Saturday, June 30, 2012

Don't Worry

How much good has ever been accomplished by worry?

Think about it: did worrying about the economy get you a raise? Did worrying about that odd noise under the hood of your car make it go away? Did worrying about final exam help you get a passing grade?

Of course not. Worry has never helped us; in fact, it only hurts us.

Worry adds stress, which leads to ulcers, panic attacks, nervous breakdowns, and loss of sleep. But the worst part about worry is that it conveys to God that we don’t trust Him.

The God who takes care of the birds and flowers will also take care of us, but when we choose to worry and fret we are acting as if God is not capable of sorting out our problems.

Luke 12:25 poses this rhetorical question for believers: “And which of you by worrying can add a single hour to his life?”

Whether it is a person in a hospital bed who fears the end is in sight, or if it is a young child who fears death, we cannot lengthen our lives by worrying about it. Instead of wasting time worrying, why not make the most of what time we have, namely the present?

And when you feel tempted to worry, remember that God has taken that responsibility away from us. Just trust Him to do what is right. But above all, don’t worry.

Pulling More Weeds

I recently wrote about pulling weeds in my garden. I talked about how pulling weeds is one of my least favorite past times, but that it is essential to keeping a garden or flower bed looking its best.

Now, after battling another round of weeds, there is something else that I realized: the more weeds I pull, the more weeds I see.

If I were a conspiracy theorist I would guess that the weeds were put there by the government, part of a scheme to keep me weak and sore from all the pulling. Think about it, after all that weed pulling, how could I possibly have missed any?

When I am clearing out an area that is initially covered in weeds, I make so much progress that a weed or two here or there is hardly noticeable. After all, there aren’t nearly as many weeds as there once were. But when I step back I notice weeds that are still there. So those new weeds I am seeing are not new at all, but the weeds that I missed.

The first time I wrote about pulling weeds I compared those weeds to sin in our lives; we should not be satisfied with just removing some of it. With that same idea in mind, think of those missed weeds as part of the believer’s path of sanctification. When you are removing the big weeds, the smaller, almost unnoticeable weeds will begin to stand out. The “little” sins like pride and jealousy can get lost among the fornication and road rage. But once the “bigger” sins have been removed, that envy will stand out like a sore, green thumb.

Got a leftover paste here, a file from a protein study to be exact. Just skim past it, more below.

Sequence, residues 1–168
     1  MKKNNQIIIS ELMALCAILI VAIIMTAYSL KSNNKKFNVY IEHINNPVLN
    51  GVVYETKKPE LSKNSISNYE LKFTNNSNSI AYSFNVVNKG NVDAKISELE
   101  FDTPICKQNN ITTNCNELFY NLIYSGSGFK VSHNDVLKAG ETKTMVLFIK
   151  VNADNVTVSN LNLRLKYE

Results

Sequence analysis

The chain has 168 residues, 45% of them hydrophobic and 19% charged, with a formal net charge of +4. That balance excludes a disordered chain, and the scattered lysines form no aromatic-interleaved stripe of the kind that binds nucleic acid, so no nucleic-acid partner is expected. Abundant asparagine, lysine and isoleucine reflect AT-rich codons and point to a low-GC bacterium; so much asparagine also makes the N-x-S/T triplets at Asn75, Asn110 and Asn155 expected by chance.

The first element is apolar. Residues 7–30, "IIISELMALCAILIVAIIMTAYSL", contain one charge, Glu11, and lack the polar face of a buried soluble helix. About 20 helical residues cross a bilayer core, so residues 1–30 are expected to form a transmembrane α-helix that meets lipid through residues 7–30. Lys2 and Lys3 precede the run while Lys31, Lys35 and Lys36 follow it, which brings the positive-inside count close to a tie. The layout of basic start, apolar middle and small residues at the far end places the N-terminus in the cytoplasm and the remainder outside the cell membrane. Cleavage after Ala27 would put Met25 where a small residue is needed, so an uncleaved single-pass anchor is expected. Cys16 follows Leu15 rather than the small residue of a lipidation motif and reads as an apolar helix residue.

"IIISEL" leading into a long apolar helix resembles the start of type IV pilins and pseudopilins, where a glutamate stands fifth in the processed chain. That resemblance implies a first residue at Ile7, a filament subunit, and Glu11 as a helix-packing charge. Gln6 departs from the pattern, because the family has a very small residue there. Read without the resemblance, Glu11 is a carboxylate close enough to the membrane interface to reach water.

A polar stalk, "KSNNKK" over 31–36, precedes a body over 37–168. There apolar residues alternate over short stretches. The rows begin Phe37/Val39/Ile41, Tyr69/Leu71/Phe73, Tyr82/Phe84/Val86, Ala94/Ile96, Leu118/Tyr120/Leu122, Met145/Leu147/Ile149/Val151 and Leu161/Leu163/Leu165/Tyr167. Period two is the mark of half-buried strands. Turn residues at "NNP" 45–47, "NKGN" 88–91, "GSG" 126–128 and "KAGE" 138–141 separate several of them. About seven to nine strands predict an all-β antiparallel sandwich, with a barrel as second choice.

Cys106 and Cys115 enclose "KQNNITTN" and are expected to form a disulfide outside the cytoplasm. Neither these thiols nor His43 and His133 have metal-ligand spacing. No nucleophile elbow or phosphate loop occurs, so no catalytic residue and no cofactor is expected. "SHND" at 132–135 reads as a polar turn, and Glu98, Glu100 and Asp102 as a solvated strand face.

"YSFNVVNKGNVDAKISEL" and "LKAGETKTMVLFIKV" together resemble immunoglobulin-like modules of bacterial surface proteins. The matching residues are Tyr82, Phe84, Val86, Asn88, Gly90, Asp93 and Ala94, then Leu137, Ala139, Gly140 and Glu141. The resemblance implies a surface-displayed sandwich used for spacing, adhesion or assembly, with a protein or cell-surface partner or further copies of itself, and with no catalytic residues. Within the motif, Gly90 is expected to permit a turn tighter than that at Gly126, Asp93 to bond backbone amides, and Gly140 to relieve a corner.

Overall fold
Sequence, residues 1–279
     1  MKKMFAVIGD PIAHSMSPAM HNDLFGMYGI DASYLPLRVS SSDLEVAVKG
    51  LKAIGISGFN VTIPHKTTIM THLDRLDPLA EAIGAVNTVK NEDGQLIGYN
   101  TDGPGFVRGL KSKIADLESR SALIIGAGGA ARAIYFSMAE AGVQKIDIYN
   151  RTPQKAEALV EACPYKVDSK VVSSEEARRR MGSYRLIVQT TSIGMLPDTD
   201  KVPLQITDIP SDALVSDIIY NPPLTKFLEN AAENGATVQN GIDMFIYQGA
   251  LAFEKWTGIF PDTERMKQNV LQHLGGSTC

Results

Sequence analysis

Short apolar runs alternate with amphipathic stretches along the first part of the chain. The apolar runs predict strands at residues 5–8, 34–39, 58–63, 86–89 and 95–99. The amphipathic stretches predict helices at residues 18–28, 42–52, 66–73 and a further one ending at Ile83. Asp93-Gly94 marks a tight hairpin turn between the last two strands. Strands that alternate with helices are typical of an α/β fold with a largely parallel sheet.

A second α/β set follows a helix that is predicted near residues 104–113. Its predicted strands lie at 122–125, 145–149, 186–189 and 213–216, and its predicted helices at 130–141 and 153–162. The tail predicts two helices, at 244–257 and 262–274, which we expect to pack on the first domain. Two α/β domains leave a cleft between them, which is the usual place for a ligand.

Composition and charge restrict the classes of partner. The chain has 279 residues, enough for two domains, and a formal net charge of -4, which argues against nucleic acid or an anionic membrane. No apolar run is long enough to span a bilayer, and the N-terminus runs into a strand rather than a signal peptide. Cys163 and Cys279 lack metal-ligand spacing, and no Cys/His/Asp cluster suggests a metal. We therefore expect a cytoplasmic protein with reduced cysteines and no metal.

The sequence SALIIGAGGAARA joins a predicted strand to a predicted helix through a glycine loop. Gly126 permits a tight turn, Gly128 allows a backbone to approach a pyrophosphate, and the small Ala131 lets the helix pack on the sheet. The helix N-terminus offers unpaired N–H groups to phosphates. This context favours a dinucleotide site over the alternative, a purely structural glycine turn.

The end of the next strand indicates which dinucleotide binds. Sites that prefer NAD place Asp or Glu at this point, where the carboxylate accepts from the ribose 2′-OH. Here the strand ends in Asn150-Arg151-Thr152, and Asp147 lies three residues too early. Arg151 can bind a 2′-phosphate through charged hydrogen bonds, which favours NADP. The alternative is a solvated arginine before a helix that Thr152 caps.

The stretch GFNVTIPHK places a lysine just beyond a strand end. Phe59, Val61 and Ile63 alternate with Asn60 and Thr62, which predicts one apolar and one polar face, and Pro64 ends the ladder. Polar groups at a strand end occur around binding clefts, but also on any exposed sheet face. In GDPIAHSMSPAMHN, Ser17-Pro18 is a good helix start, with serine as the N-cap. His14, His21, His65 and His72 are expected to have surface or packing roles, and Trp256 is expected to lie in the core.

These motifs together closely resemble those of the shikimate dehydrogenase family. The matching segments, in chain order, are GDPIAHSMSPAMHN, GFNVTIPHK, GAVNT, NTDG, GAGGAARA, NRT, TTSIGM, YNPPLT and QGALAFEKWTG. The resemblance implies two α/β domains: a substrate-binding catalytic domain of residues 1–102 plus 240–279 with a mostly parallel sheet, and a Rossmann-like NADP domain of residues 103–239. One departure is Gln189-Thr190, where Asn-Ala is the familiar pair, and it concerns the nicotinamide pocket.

As Christians, let’s keep looking to remove any sin that the Holy Spirit convicts us of, no matter how big or small.

But sexual immorality and all impurity or covetousness must not even be named among you, as is proper among saints.
Ephesians 5:3

Twinkling of an Eye

Do you really think God can change people in “the twinkling of an eye?” 

That question has been asked by more than one skeptic, and I have to admit that the idea does sound a little hard to believe. The question is referring to the verse in I Corinthians 15:52 which says, “In a moment, in the twinkling of an eye, at the last trump: for the trumpet shall sound, and the dead shall be raised incorruptible, and we shall be changed.”

This verse is referring to an event known as the rapture, which is a time in the future when Jesus will descend into the clouds and call His children to be with Him. At this time every living Christian will go to heaven, and the bodies of the believers that have died will be resurrected and glorified. The Christians who are alive will also receive a glorified body that will be theirs for all eternity.

So to go back to the skeptic’s question, do I really believe that God can change all these people in the twinkling of an eye? Of course I do.

I know this because He already changed me once. The very second I chose to put my faith and trust in Jesus I became a new creation; the old has passed away. There are some parts that change over time, and this is a process called sanctification, but there was a part of me that changed instantly.

Ray Comfort compares this change to a man that promises to give you $100 million when he returns, and just so that you will believe him, he gives you a million dollars up front. Is the $100 million hard to believe? Yes, but it is easier to believe that he will keep his promise when he gives you a million dollars.

God has promised to do something incredible by changing us in the twinkling of an eye ($100 million), but He has already given us a glimpse of the change He can produce (1 million dollars). But not everyone will receive this promise.

Do you want to be changed in the twinkling of an eye? If you want to have that glorified body in heaven one day you have to first be changed by God on earth. Put your faith in Jesus and let His Holy Spirit change you.